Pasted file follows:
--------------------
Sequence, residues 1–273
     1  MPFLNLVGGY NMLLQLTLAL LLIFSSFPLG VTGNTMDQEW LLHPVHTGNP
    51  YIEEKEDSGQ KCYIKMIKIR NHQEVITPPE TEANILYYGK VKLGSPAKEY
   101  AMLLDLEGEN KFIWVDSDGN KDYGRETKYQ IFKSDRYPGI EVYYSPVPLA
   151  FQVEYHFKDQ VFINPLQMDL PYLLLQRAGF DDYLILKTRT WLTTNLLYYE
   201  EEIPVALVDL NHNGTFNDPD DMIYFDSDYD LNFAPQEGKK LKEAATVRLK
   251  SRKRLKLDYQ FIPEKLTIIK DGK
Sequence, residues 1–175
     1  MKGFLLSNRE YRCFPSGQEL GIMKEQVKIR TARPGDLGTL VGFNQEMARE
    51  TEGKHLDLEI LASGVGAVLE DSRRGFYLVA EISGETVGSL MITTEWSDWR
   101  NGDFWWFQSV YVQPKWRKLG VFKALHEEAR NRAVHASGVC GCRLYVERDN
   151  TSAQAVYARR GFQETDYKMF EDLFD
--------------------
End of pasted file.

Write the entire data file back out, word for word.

Sequence, residues 1–273
     1  MPFLNLVGGY NMLLQLTLAL LLIFSSFPLG VTGNTMDQEW LLHPVHTGNP
    51  YIEEKEDSGQ KCYIKMIKIR NHQEVITPPE TEANILYYGK VKLGSPAKEY
   101  AMLLDLEGEN KFIWVDSDGN KDYGRETKYQ IFKSDRYPGI EVYYSPVPLA
   151  FQVEYHFKDQ VFINPLQMDL PYLLLQRAGF DDYLILKTRT WLTTNLLYYE
   201  EEIPVALVDL NHNGTFNDPD DMIYFDSDYD LNFAPQEGKK LKEAATVRLK
   251  SRKRLKLDYQ FIPEKLTIIK DGK
Sequence, residues 1–175
     1  MKGFLLSNRE YRCFPSGQEL GIMKEQVKIR TARPGDLGTL VGFNQEMARE
    51  TEGKHLDLEI LASGVGAVLE DSRRGFYLVA EISGETVGSL MITTEWSDWR
   101  NGDFWWFQSV YVQPKWRKLG VFKALHEEAR NRAVHASGVC GCRLYVERDN
   151  TSAQAVYARR GFQETDYKMF EDLFD